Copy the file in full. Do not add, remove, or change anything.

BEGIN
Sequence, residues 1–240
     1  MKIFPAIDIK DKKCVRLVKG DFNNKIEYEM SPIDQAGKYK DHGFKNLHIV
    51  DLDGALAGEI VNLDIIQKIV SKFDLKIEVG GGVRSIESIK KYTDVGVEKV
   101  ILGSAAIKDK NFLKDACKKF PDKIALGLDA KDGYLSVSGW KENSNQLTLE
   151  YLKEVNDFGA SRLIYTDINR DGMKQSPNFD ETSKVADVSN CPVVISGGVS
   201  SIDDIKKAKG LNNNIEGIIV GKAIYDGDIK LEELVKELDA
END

Sequence, residues 1–240
     1  MKIFPAIDIK DKKCVRLVKG DFNNKIEYEM SPIDQAGKYK DHGFKNLHIV
    51  DLDGALAGEI VNLDIIQKIV SKFDLKIEVG GGVRSIESIK KYTDVGVEKV
   101  ILGSAAIKDK NFLKDACKKF PDKIALGLDA KDGYLSVSGW KENSNQLTLE
   151  YLKEVNDFGA SRLIYTDINR DGMKQSPNFD ETSKVADVSN CPVVISGGVS
   201  SIDDIKKAKG LNNNIEGIIV GKAIYDGDIK LEELVKELDA